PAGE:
(National Association of Science Writers) The National Association of Science Writers is pleased to announce the winners of the 2018 Science in Society Journalism Awards.
(GFZ GeoForschungsZentrum Potsdam, Helmholtz Centre) Nearly 13,000 years ago, pines in southern France experienced a cold snap, which scientists have now reconstructed. The study about the consequences of a drastic climate change event in past and its implications for our future will be published tomorrow in Scientific Reports. The authors are from GFZ Potsdam, Berlin, the UK, Switzerland, and France.
(The University of Montana) University of Montana Professor Diana Six will receive the 2018 Edward O. Wilson Biodiversity Technology Pioneer Award on Sept. 21 for seminal contributions to the understanding of bark beetles ecology, forest adaptations and climate change.
(NASA/Goddard Space Flight Center) NASA's Aqua satellite provided an infrared look at powerful Super Typhoon Mangkhut early on Sept. 13 that revealed a large eye surrounded by a large area of powerful storms. Mangkhut is a Category 5 storm.
(University of Illinois at Urbana-Champaign) A geologist, a microscopist and a doctor walk into a lab and, with their colleagues, make a discovery that overturns centuries of thought about the nature and composition of kidney stones. The team's key insight, reported in the journal Scientific Reports, is that kidney stones are built up in calcium-rich layers that resemble other mineralizations in nature, such as those forming coral reefs or arising in hot springs, Roman aqueducts or subsurface oil fields.
(Fundação de Amparo à Pesquisa do Estado de São Paulo) Climate conditions forecast for 2050 and 2070 will be potentially lethal to species less adapted to climate variation, according to Brazilian researchers.
(The Earth Institute at Columbia University) The end of a 52-year internal conflict could spell trouble for the second most biodiverse country in the world. A new study outlines a sustainable path forward.
(NASA/Goddard Space Flight Center) Typhoon Mangkhut had already strengthened into a Super Typhoon when NASA-NOAA's Suomi NPP satellite grabbed a visible image of the storm in the Northwestern Pacific Ocean on Sept. 11. It is forecast to intensify even more.
(Desert Research Institute) Low-severity wildland fires and prescribed burns have long been presumed by scientists and resource managers to be harmless to soils, but this may not be the case, new research shows. According to two new studies by a team from the University of California, Merced (UCM) and the Desert Research Institute (DRI), low-severity burns cause damage to soil structure and organic matter in ways that are not immediately apparent after a fire.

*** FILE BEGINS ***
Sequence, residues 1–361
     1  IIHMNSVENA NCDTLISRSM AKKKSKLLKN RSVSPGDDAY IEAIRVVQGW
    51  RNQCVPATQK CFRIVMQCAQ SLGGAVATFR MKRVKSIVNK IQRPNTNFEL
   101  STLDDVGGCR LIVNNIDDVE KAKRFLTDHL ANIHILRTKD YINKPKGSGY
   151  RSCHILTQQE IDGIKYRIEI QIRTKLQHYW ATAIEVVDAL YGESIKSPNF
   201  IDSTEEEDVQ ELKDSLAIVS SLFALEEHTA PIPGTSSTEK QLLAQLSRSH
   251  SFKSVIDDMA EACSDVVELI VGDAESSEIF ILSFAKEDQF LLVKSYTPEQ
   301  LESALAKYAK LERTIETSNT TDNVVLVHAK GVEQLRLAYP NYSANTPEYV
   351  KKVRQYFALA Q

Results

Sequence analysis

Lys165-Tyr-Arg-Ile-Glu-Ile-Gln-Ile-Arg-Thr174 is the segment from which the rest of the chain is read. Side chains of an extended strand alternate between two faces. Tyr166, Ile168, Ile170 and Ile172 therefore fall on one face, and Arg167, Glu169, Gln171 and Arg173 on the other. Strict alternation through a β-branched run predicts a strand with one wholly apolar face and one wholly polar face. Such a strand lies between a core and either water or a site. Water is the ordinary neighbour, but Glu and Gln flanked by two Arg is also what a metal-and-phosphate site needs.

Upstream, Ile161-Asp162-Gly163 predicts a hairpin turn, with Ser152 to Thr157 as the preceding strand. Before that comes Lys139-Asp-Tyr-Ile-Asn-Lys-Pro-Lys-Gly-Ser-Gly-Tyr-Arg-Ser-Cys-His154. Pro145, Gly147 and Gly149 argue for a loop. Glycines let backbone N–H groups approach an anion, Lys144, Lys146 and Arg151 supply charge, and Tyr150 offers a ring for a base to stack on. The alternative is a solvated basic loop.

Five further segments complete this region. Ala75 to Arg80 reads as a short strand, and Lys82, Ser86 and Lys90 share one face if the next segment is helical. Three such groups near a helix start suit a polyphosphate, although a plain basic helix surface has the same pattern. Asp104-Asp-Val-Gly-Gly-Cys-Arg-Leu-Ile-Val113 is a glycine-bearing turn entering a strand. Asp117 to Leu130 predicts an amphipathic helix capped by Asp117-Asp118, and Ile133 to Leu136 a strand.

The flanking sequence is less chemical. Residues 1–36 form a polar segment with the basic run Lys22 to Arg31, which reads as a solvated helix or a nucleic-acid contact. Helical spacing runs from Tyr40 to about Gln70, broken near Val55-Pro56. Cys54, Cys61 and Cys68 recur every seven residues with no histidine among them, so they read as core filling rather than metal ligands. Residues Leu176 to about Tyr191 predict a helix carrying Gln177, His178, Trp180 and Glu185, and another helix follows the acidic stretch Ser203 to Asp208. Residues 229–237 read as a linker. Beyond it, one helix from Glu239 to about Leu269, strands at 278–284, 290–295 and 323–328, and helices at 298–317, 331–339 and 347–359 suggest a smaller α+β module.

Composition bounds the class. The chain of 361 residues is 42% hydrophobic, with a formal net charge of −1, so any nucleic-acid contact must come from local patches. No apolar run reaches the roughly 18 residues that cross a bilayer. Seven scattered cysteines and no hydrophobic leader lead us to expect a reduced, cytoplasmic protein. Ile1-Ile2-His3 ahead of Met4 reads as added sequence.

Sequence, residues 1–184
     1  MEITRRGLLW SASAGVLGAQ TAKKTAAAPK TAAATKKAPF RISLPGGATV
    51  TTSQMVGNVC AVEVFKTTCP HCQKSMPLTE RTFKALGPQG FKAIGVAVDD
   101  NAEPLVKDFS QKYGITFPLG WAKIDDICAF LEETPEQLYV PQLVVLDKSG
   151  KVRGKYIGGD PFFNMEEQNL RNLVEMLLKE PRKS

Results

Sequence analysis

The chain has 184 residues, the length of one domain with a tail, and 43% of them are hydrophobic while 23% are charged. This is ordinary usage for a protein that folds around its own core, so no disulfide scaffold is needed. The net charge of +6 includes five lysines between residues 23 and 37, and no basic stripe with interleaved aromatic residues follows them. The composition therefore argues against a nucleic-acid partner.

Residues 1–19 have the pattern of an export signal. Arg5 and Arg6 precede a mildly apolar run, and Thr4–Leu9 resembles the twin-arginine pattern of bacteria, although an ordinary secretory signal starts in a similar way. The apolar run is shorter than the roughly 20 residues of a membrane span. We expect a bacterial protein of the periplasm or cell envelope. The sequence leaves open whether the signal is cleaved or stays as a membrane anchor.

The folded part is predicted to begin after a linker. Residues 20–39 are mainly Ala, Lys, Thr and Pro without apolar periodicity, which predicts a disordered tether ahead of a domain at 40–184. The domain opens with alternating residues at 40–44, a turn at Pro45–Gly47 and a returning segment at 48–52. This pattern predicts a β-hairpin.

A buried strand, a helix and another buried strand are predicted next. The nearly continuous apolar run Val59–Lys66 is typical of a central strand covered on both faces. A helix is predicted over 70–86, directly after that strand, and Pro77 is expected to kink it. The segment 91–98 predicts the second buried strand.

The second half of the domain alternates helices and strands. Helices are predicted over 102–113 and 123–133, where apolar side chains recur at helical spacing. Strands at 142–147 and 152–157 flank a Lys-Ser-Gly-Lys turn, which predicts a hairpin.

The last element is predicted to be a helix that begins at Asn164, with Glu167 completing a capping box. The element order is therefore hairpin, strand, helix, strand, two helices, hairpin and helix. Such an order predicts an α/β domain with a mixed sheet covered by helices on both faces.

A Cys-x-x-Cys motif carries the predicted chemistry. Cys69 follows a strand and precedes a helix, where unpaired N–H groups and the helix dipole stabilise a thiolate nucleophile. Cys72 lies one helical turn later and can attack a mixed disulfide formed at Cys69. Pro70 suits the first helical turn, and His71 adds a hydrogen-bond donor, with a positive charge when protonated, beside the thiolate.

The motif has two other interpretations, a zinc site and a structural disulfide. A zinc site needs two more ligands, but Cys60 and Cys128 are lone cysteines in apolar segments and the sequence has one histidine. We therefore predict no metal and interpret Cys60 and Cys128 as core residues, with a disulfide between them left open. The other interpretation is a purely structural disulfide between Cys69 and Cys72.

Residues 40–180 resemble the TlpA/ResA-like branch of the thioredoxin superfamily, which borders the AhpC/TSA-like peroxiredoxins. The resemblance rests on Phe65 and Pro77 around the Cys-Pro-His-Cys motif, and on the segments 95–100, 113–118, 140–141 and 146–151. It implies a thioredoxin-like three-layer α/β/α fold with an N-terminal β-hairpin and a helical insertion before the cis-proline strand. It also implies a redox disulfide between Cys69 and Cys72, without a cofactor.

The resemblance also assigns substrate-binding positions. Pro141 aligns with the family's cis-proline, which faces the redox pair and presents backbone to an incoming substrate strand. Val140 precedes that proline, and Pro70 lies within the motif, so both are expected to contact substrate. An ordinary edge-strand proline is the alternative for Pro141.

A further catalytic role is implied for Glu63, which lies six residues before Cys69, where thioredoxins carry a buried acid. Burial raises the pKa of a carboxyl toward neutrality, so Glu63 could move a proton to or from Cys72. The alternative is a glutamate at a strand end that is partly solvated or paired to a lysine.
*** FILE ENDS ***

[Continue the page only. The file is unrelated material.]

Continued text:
(Aarhus University) Toddlers aged just 1 1/2 years prefer individuals whom other people yield to. It appears to be deeply rooted in human nature to seek out those with the highest social status. This motive might have evolved because being close to high-ranking individuals has given people access to resources, territory and mates.
(Michigan Technological University) Researchers found that using bio-sequestration to capture carbon produced by US coal-fired plants even after carbon capture and storage would require using 62 percent of the nation's arable land for that process, or 89 percent of all US land with average forest cover. In comparison, offsetting the amount of carbon produced by manufacturing solar panels is 13 times less land, making it a far more viable option.
(Kanazawa University) Charophyceae are relatives of land plants, whose genomes have been envisioned to contain important information to understand how land plants evolved from their ancestors in the Paleozoic era. Here we report the draft genome of Chara braunii from Charophyceae, and its comparison to land plants, Klebsormidium nitens, and other green algae. The comparison revealed acquisition of genes before and after the divergence of Charophyceae in the lineage leading to land plants, as well within Charophyceae.
(University of Oklahoma) A University of Oklahoma research group, led by Mark Nanny, is the recipient of a National Science Foundation Major Research Instrumentation grant in the amount of $396,778. The Inductively Coupled Plasma-Mass Spectrometer with Laser Ablation and Liquid Chromatography capabilities will enable collaboration among researchers at OU, Oklahoma State University and the University of Tulsa in specific areas of research and coordination with Oklahoma Tribal Nations in various research projects.
(University of Texas at Arlington) A UTA environmental engineer is devising a system that will allow easier cleanup of contaminated soil and water that the U.S. military has identified.
(New York Institute of Technology) Researchers from New York Institute of Technology (NYIT) have secured $426,621 in funding from the National Science Foundation (NSF) for the acquisition of a micro-computed tomography machine.
(University of Arizona) The Sonoran Desert is one of the world's most biodiverse deserts, thanks to the annual monsoon, which provide a source of moisture in addition to seasonal winter rains. UA researchers were able to access untapped clues about the monsoon's activity during the last ice age, about 20,000 years ago. Their findings help scientists predict how regional climates may respond to future conditions.